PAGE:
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Lane
Lane, JD,CFP, MBA, CRPS
Category: Social Security
Satisfied Customers: 11140
Experience:  Law Degree, specialization in Tax Law and Corporate Law, CFP and MBA, Providing Financial, Social Security & Tax advice since 1986
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I am 62 yrs old and I work 28 hours a week (4 days a week, 7

Customer Question

I am 62 yrs old and I work 28 hours a week (4 days a week, 7 hours a day). I was planning on not collecting my social security benefits until I turn 70, however I am now worried that social security won't be around if I wait that long and I'll basically get zero dollars for a lifetime of work. Since this is considered part-time, can I start collecting my social security while still working?
JA: These retirement benefits are supposed to help us but they can be so complicated! The Retirement Expert will help you get the most benefits propertly. Is there anything else the retirement accountant should be aware of?
Customer: No. My husband works full time, but this just pertains to me. I plan on working as long as I can, but my fear is that social security will go away before I turn 70 (and even possibly earlier)/
Submitted: 4 months ago.
Category: Social Security
Expert:  Lane replied 4 months ago.

Hi. My name's Lane ... I can help here.

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Yes, you an retire at any time as early as age 62. Your benefit will be reduced to 75% of what it would be if you waited until age 72.

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Then for working while receiving benefits your benefits will be reduced further if you earn above a certain amount

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See this from Social Security:

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  • We use the following earnings limits to reduce your benefits: If you are under full retirement age for the entire year, we deduct $1 from your benefit payments for every $2 you earn above the annual limit.

For 2016 that limit is $15,720.

  • In the year you reach full retirement age, we deduct $1 in benefits for every $3 you earn above a different limit, but we only count earnings before the month you reach your full retirement age.
Expert:  Lane replied 4 months ago.

My own opinion is that the electorate will not elect (AARP being one of gthe largest lobby groups out there - and with the first baby boomer turning 60 just a few years ago, Social Security recipients will be the largest component of the voting public) politicians that don't do something about the system.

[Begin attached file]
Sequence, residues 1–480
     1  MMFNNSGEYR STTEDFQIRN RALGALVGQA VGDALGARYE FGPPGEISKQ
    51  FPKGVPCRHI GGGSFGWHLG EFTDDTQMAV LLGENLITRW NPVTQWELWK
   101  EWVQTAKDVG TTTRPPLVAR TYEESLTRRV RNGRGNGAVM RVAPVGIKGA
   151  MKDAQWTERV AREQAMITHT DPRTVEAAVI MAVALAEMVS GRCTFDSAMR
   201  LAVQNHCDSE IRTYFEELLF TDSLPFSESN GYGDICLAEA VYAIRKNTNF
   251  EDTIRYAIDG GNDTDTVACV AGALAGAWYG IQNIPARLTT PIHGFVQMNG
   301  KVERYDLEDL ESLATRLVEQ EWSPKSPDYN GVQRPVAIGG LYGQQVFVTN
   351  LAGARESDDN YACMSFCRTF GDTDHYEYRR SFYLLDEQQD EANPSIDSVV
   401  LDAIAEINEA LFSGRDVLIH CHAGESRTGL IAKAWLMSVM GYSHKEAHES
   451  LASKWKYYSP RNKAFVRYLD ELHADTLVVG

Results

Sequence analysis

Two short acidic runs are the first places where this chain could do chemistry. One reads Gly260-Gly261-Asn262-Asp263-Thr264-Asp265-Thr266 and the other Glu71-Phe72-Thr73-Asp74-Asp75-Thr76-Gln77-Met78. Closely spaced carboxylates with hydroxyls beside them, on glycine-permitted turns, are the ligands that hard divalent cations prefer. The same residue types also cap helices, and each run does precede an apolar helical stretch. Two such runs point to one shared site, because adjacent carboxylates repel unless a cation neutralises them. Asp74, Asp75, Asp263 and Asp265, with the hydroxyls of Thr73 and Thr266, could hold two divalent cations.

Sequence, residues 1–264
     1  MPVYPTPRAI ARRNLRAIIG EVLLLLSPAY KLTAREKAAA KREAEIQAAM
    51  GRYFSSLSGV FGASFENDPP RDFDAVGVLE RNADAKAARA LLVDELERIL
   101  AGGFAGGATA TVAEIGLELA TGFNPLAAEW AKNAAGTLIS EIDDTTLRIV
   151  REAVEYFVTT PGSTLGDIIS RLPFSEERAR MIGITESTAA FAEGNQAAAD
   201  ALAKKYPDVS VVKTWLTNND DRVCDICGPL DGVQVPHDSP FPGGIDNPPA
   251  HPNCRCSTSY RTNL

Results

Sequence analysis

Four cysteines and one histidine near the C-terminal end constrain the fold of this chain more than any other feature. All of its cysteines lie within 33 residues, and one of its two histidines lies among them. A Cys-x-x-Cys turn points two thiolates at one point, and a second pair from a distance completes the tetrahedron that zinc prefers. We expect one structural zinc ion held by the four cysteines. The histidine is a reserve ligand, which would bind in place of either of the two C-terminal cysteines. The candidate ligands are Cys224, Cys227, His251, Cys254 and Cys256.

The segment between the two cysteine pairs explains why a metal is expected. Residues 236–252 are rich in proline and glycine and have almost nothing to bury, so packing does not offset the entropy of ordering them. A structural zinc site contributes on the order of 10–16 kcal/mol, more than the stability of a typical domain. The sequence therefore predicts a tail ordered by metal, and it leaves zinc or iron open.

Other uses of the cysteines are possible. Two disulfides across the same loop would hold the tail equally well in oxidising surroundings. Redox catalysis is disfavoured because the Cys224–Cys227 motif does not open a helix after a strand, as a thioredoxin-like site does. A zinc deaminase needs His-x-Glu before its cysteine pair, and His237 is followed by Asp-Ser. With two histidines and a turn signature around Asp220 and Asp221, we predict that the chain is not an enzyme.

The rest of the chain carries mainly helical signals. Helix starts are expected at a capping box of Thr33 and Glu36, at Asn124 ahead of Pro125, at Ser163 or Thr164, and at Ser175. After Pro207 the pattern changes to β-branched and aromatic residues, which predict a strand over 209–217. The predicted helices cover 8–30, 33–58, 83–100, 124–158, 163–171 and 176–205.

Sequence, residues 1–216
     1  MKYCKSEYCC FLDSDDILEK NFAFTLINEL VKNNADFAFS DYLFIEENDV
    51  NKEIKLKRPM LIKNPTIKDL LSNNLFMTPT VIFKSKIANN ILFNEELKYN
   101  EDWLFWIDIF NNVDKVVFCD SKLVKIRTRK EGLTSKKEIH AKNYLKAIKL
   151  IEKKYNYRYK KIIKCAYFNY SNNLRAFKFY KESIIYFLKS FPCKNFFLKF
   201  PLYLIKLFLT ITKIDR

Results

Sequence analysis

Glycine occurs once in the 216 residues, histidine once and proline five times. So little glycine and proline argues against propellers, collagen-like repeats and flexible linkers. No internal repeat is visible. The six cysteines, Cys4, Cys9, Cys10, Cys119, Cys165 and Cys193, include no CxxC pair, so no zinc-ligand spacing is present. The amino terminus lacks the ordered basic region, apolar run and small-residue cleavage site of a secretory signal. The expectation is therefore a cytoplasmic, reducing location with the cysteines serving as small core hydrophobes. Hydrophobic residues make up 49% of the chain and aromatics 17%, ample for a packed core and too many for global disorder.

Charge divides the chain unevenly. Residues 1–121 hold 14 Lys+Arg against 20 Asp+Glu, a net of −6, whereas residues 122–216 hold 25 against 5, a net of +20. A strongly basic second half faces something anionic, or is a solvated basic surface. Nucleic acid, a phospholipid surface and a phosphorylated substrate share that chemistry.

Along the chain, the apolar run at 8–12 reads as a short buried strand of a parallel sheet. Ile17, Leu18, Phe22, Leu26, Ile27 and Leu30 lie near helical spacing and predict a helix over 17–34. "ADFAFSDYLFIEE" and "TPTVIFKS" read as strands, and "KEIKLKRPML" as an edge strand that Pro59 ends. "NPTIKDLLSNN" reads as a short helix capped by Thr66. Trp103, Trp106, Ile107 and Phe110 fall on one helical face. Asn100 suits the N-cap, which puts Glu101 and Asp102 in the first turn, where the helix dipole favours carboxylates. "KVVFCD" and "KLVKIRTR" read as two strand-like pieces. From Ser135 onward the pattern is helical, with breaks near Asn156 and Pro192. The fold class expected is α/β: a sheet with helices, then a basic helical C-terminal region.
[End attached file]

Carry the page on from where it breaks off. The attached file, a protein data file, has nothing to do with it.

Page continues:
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If absolutely NOTHING is done, based on the Social Security Administration's 2015 report, the trust is on track to be depleted in 2034, at which point the system will be able to pay 79% of benefits from ongoing tax revenue. That projection is expected to shrink to 73% by 2089.

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But again, this is if nothing is done and WOULD be there to pay UNTIL tht time and at a reduced level AFTER that time (2089) if NOTHING is done

Expert:  Lane replied 4 months ago.

Again, even Mr Trump has said that he would not do away with Social Security or let the fund go unptotected.

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The last time something was done, was when Ronald Regan signed into law the Windfall Elimination provision that reduces payouts for those getting government pension where the recipients didn't pay into Social Security.

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Please let me know if you have ANY questions at ALL, before rating me.

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If this has helped, and you DON’T have other questions … I'd appreciate a positive rating using the Stars on our screen (and clicking submit).

Otherwise I'm not compensated for the time here.

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Thanks!

Lane

... I have a law degree, with electives in Tax Law, Estate law, Corporate law, and business planning … an MBA, with specialization in finance a BBA, and CFP & CRPS designations, as well - I’ve been providing financial, Social Security/Medicare, estate, corporate, non-profit, and tax advice, since 1986.

Expert:  Lane replied 4 months ago.

Hi,

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I’m just checking back in to see how things are going.

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Did my answer help?

If this HAS helped, and you DON’T have other questions … I'd appreciate a positive rating (using the stars or faces on your screen, and then clicking “submit")

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But again, let me know if you need more on this.

Lane